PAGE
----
History – Walking the Delicate Line Between Reporter and Activist
Reason magazine|October 2021
I spent the second half of the 1990s hanging out with people who operate unlicensed radio stations. That was partly because I was covering them as a reporter, and it was partly because I was active in a movement to legalize their illicit transmissions.
By Jesse Walker

I spent the second half of the 1990s hanging out with people who operate unlicensed radio stations. That was partly because I was covering them as a reporter, and it was partly because I was active in a movement to legalize their illicit transmissions. I didn’t see anything wrong with that dual role—I wasn’t pretending to be objective, and anyone who read my articles could see where I stood—but sometimes the lines got a little blurry.

Like the night in 1998 when I found myself standing on a nondescript West Philly block with a crew of crunchy anarchists. An outlet called Radio Mutiny was hosting an East Coast gathering of pirate broadcasters, and we had just been through a day of workshops, speeches, and press interviews; now some of us were about to get a tour of the station’s makeshift studio. One of the local pirates looked around to reassure himself that there weren’t any interlopers. “OK, all the reporters are gone,” he said. “We can go up now.”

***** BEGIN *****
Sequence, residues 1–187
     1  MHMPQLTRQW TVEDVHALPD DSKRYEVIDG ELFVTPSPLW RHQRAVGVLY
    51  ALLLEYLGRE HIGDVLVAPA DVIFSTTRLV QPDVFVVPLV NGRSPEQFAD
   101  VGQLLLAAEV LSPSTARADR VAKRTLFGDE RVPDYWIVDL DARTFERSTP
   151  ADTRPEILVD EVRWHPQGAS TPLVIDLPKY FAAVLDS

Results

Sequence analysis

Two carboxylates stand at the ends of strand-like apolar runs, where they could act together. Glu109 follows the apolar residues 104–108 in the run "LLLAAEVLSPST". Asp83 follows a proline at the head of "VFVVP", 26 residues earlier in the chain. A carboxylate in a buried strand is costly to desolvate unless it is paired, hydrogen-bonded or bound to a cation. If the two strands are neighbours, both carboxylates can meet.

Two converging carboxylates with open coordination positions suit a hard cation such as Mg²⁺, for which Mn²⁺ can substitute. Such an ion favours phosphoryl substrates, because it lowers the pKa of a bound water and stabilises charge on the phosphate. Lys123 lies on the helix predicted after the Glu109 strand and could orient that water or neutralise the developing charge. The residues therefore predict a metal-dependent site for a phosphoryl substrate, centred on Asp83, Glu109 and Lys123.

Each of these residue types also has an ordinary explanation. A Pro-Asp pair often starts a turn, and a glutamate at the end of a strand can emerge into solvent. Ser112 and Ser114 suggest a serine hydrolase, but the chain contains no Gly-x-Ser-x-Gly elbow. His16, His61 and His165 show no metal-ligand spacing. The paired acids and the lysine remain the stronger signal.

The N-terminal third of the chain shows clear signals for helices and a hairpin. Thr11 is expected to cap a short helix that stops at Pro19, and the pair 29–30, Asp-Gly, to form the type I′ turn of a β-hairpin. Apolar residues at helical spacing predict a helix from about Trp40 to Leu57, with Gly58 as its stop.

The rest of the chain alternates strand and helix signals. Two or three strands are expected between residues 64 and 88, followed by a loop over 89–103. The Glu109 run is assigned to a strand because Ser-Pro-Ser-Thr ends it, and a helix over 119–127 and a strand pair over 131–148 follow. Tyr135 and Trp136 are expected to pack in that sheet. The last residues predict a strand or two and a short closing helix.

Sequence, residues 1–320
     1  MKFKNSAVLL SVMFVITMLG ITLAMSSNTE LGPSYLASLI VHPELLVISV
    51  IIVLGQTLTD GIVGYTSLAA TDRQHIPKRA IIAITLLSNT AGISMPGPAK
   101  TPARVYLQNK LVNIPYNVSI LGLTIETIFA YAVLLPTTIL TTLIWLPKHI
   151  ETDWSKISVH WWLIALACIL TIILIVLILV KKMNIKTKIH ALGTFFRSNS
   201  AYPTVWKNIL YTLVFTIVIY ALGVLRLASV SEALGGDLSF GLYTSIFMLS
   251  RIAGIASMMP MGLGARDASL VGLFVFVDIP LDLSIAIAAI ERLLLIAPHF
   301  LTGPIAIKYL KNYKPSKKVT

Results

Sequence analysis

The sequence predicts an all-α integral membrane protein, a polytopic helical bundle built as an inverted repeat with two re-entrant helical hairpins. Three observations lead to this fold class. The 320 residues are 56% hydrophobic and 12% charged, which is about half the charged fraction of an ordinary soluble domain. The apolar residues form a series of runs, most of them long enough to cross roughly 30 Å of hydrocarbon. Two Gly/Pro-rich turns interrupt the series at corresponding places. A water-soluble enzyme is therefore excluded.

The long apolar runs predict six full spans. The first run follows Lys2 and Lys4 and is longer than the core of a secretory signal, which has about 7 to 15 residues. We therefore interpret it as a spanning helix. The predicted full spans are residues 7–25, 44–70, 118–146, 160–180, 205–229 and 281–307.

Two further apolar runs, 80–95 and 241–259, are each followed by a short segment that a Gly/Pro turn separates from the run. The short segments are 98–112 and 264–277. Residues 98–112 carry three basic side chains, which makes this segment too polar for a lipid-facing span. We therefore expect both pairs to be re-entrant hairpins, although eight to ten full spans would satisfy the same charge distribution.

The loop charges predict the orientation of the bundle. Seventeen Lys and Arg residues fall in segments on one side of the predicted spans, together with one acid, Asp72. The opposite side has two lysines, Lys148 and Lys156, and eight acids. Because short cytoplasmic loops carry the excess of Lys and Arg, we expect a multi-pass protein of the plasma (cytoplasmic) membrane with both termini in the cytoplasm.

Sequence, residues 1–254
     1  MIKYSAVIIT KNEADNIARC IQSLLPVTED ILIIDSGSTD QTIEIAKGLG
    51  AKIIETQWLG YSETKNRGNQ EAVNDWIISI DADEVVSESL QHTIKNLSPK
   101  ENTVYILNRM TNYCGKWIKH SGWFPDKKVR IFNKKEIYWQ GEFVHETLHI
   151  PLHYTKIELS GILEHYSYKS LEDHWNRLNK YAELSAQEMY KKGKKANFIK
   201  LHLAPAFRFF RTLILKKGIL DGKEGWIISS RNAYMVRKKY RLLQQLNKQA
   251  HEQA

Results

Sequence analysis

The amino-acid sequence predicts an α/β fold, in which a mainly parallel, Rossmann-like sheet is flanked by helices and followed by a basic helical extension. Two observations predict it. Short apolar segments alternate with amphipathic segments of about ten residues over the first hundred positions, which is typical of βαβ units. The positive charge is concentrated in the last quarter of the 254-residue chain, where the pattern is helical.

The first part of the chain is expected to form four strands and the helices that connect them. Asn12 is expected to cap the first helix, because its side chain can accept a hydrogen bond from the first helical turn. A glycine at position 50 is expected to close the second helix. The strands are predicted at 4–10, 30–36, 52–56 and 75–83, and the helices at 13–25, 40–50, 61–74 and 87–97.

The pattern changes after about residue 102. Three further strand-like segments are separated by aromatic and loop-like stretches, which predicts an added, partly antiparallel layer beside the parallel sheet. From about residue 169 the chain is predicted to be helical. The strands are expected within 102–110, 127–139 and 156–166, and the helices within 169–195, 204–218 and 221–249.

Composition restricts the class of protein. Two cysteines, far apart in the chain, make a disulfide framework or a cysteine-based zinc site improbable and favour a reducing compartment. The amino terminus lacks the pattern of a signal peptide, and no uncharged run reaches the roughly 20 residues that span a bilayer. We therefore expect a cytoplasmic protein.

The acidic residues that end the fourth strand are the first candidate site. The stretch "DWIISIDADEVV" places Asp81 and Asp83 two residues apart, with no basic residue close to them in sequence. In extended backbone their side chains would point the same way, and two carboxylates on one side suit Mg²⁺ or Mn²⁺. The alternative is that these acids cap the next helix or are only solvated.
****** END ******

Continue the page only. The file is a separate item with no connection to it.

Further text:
One of my scruples kicked in, and I raised my hand. “Uh...you guys do know what I do for a living, right?”

They laughed. “Oh, you’re OK, Jesse,” one said, unlocking the door and ushering us inside. I hadn’t set out to do immersion journalism, but evidently, I was immersed.

IT WASN’T THE first unlicensed station I visited, and it wasn’t the last. In 1999, as I was crossing the country to start a new job, some pirates in Texas even put me up for the night in their transmitter room, which meant sleeping on a stack of dirty mattresses next to a machine that emitted the most high-pitched sound I’d ever heard. Eventually, I published a book about all these broadcasters and the history that had shaped them. Rebels on the Air came out in September 2001—not, in retrospect, the best month to sell a book about radio—and now it is turning 20.

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